I will admit from the start that I am a relative newcomer to Advent calendars. The church in which I was weaned did not observe the liturgical seasons. I had to wait until I was over 40 to learn that the joy of Christmas morning is minimized if we haven’t prepared ourselves spiritually with a quiet and expectant Advent observance; that we cannot appreciate nor even understand the miracle of Easter if we have not purified ourselves to accept Jesus’ sacrifice through our observance of a holy Lent. But I digress.
I started out by acknowledging that my experience of Advent is relatively recent. In fact, I first learned about the season only in 1996 when Victoria and I started attending St. Christopher’s—on the first Sunday of Advent, to be exact. So I have had exactly seven Advent calendars. The first six conformed with the definition I found in John N. Wall’s Dictionary for Episcopalians: “A special calendar to mark the passing of days in the Advent season. Advent calendars usually have a series of small windows to open, revealing a different scene for each day in the season and concluding with a nativity scene on Christmas Eve.”
You can imagine my surprise, then, when I opened the window for December 10 on this year’s Advent calendar. Lo and behold, there were Jesus, Mary, and Joseph at the manger, accompanied by a scripture verse appropriate to the scene. Something about unto you is born this day in the city of David. I can’t exactly remember, because I was quite taken aback. I have continued to open the windows in their chronological order. The story has followed in its familiar succession. The shepherds. The angels. The magi. What is happening here? The Epiphany on December 13?
I will admit that I have been tempted to look ahead and find out what is in store for December 24 on this very strange Advent calendar. I have joked with friends that it’s no wonder Cokesbury had this particular model on clearance last year. But then I realized that maybe this calendar isn’t so defective, after all. Perhaps it has an important lesson for me and for all of us this Advent. What exactly ARE we waiting for, and what exactly DOES Christmas mean to us?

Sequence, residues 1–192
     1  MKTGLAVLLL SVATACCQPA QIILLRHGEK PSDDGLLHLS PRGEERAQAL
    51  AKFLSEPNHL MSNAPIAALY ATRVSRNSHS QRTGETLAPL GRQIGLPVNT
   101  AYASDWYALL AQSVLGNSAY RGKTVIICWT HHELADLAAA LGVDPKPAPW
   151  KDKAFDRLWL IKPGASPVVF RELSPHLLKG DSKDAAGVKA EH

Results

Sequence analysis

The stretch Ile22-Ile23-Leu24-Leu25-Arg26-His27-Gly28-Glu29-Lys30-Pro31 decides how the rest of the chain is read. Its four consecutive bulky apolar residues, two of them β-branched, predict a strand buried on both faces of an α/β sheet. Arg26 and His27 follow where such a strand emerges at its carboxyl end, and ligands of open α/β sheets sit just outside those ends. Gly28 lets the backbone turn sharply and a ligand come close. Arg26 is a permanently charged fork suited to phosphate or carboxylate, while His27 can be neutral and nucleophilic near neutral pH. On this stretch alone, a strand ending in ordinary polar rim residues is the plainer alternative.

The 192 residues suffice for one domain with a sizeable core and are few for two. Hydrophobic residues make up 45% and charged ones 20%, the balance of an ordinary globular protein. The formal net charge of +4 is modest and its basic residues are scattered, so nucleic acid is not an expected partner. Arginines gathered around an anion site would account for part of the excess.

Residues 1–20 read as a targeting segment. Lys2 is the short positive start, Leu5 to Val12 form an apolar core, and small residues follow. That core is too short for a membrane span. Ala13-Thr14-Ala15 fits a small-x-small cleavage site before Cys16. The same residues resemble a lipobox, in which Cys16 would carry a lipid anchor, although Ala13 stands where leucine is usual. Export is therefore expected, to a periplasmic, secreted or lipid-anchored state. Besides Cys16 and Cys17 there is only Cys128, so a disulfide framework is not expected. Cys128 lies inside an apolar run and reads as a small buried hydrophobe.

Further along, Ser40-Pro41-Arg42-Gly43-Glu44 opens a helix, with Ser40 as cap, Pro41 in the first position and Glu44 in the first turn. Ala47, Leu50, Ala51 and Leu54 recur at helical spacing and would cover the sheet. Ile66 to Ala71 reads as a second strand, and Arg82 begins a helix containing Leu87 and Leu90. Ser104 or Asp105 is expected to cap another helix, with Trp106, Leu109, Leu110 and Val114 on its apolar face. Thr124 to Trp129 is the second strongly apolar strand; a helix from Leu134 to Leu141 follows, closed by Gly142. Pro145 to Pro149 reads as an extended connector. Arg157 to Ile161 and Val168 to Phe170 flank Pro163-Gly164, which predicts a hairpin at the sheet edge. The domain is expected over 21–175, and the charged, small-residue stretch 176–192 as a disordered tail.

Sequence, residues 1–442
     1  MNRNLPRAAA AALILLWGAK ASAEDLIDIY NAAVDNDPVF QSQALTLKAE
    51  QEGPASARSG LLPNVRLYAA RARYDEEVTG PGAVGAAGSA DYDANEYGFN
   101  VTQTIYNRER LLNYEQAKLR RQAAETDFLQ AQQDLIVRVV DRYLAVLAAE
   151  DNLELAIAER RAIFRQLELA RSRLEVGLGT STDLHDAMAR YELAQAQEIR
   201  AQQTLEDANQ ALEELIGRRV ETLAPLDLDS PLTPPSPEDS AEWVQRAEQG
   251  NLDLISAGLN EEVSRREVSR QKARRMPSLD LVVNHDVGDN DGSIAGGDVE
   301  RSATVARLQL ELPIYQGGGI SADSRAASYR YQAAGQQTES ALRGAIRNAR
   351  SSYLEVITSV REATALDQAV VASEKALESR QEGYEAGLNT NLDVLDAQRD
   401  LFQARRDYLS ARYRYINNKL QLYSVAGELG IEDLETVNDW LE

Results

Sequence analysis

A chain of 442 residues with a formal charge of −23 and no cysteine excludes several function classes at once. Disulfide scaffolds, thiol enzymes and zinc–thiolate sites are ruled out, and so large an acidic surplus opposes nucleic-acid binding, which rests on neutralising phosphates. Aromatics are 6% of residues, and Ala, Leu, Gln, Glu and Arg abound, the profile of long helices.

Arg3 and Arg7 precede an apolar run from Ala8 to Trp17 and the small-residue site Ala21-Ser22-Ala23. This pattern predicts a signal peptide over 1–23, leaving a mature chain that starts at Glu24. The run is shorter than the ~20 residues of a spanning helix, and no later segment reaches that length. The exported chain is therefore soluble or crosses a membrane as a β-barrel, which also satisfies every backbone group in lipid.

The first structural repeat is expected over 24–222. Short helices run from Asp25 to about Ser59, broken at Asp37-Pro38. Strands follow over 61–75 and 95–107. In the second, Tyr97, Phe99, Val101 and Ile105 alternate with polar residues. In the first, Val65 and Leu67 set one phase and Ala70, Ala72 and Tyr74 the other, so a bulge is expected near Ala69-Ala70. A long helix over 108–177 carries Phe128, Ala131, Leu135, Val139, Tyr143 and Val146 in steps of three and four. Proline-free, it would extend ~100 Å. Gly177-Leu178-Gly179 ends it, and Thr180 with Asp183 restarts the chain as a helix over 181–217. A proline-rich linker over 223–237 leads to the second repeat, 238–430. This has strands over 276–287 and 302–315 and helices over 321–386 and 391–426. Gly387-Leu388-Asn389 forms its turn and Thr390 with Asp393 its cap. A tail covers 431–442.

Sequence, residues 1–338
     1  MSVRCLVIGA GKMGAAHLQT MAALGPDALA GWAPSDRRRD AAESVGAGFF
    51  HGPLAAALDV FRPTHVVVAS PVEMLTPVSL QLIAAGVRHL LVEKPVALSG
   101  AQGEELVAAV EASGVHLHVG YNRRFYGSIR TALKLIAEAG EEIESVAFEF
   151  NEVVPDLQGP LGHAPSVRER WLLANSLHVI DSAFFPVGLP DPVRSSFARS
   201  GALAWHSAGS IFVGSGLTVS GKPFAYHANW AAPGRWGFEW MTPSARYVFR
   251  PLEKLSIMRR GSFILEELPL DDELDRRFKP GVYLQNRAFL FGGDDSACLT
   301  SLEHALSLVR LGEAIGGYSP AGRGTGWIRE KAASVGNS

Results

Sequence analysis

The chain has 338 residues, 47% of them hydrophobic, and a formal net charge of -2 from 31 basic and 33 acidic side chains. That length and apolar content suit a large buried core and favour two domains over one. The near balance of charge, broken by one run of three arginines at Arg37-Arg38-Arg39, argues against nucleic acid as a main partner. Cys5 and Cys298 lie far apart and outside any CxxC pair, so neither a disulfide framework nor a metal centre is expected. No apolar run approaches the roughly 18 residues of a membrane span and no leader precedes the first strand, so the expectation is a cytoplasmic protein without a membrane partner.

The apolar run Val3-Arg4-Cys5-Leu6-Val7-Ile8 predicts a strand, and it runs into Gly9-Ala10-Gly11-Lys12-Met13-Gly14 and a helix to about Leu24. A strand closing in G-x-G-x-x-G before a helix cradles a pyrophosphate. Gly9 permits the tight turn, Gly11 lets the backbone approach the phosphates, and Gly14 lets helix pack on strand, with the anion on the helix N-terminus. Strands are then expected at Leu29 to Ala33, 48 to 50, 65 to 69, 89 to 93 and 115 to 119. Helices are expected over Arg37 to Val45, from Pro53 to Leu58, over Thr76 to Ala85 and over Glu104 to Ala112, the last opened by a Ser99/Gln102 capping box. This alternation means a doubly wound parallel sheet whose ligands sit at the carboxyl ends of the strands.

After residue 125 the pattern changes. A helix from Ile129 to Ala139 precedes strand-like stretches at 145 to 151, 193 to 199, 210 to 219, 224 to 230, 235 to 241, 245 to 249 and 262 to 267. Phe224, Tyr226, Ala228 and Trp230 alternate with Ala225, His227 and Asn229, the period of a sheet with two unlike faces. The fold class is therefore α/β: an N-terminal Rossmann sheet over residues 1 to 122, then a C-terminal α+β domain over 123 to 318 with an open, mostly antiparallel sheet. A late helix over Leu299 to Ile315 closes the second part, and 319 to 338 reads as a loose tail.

I will admit—I keep admitting things, don’t I? Well, this time I was going to admit that I have not been looking forward to Christmas this year. Many people become depressed at Christmas, and this year I have been tempted to do the same. In addition to the fact that with my father’s death in March I officially became an orphan, this will also be the first time I have had to attend the Christmas Eve service at St. Christopher’s alone. In addition, I already have my Christmas present from Phillip—a fancy new Nikon camera that I got in time to take on our trip to Disneyland with Victoria at Thanksgiving. Tempted, I said. Well, at least I am honest to admit that becoming depressed is a temptation—a choice—and not an affliction. The opportunity to prepare ourselves for the coming of Jesus into our lives is a great blessing, and here I am, sitting around and crying because I am going to church alone? Alone, surrounded by my dearest friends? Alone, with the family I have chosen to be a part of? And it’s amazing I could even admit that part about the camera.
Thinking about that crazy calendar has put my own vision back into a better perspective, but then my thinking became more focused. I really want to know what that calendar is going to reveal on December 24. I really want to know what we are waiting for this Advent. Certainly we as Christians are not waiting for the birth of our Messiah. We re-enact that first coming each year in remembrance of an in gratitude for the Incarnation of Our Lord Jesus Christ. Certainly it is Easter far more than Christmas that tells what we are about as Christians. And our more important focus even during Advent is on the fulfillment of Jesus’ promise to return in power and glory.
Advent, like Lent, is a penitential season. I have certainly looked inside myself this year and found selfishness and despair, which I need to replace with generosity and joy. And I remember so well my first Advent in 1996. I had not only been “unchurched,” but completely without a spiritual life, for 23 years—half my life. It took only a few brief Advent lessons for me to know that I was waiting expectantly for Jesus to come to me. I was full of unexpected joy.
May we all have a sense of joy and expectation as we prepare ourselves for the renewed presence of Jesus in our lives. May he do new and unexpected things for each of us in the coming days. May we all be surprised when we open the window on the Advent calendar that is our lives on December 24.
God bless us every one.